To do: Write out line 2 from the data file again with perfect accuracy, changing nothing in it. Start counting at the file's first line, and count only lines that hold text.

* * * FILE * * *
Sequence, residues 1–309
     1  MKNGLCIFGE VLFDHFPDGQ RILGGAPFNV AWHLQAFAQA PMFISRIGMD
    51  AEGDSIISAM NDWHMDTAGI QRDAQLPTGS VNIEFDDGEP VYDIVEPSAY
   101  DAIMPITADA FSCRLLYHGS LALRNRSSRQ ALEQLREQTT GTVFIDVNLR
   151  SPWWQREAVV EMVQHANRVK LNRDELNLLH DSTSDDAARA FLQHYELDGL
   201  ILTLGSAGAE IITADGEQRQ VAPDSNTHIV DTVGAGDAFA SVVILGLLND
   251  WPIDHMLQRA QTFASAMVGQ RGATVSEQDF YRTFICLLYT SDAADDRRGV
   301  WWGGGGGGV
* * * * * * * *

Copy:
     1  MKNGLCIFGE VLFDHFPDGQ RILGGAPFNV AWHLQAFAQA PMFISRIGMD